When There’s No More
Room in Hell, the Dead
Will Shop the Earth:
Romero and Aristotle on
The flesh-eating zombies of George A. Romero’s Dead films turn stomachs—sometimes by twisting them right out of mangled bodies. Like vampires, they’re creatures of hunger, human beings who’ve returned from the dead to feed on the living. Yet unlike those Undead whose razor-sharp fangs complement their razor-sharp refinement, Romero’s zombies (un-)live not in some foggy Transylvania, but in an all-too-contemporary America. They have nasty table manners and are bad conversationalists. They are the mindless Undead, living corpses who’ll surround you en masse in search of a warm meal. And that hurts.
In his apocalyptic zombie masterpiece, Dawn of the Dead (1978), Romero hints that the Undead are around us, as close as the local shopping mall. Doubt it? Go and you’ll see them, shuffling down the aisles, staring vacantly into space, consuming without end. At Christmastime, you’ll find them pressed against store windows, hell-bent on hot bargains.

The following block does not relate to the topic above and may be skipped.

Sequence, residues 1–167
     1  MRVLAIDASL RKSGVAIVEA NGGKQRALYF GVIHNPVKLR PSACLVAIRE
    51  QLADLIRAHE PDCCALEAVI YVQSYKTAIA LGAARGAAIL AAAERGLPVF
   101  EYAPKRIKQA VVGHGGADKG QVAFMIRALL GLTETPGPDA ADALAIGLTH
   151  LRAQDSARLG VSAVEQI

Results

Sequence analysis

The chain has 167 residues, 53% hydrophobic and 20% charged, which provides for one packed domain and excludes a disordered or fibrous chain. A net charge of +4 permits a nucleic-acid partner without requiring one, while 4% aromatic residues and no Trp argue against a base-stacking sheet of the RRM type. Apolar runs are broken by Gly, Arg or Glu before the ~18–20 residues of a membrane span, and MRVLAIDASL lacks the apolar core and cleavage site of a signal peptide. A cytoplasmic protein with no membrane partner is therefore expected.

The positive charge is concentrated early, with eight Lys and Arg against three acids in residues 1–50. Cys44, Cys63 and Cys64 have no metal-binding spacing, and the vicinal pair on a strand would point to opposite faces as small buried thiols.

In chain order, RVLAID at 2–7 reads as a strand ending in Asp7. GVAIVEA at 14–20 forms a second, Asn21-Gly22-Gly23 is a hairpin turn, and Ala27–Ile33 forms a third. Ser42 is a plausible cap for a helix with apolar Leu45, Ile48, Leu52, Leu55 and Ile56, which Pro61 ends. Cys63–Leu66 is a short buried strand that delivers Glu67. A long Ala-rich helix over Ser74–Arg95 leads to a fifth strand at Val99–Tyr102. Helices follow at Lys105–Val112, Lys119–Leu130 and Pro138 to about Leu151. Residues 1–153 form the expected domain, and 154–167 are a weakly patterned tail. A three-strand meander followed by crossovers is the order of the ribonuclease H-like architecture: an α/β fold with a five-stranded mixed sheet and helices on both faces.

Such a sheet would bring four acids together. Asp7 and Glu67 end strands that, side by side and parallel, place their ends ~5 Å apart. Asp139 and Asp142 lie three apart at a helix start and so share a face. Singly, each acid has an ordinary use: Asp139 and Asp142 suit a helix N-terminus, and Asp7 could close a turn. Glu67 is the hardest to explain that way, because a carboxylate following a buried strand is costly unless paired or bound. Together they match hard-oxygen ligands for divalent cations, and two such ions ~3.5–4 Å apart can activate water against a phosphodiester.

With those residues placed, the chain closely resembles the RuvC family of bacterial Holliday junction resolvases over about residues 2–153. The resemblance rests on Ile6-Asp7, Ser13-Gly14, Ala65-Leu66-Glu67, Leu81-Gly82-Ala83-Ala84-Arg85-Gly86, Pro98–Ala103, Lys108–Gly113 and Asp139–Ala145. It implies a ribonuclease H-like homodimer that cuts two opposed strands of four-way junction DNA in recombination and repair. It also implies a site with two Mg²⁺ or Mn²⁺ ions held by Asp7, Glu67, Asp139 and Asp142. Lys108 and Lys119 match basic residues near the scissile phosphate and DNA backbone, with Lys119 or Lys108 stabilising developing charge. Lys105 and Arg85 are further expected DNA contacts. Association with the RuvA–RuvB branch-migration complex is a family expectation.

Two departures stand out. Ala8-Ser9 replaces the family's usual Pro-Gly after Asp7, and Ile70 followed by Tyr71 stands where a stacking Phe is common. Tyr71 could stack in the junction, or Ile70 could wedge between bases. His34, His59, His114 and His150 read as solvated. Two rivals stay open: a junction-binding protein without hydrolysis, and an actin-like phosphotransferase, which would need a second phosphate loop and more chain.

In depicting zombies as the ultimate consumers, Romero satirizes consumerism—the search for happiness through material acquisition. Although consumerism’s rise as an unofficial secular religion began after World War II and reached its apex in the “I shop, therefore I am” yuppie culture of the 1980s, human beings have long been acquisitive animals. Indeed, it’s striking that Romero’s sly criticisms of consumerism echo certain argu-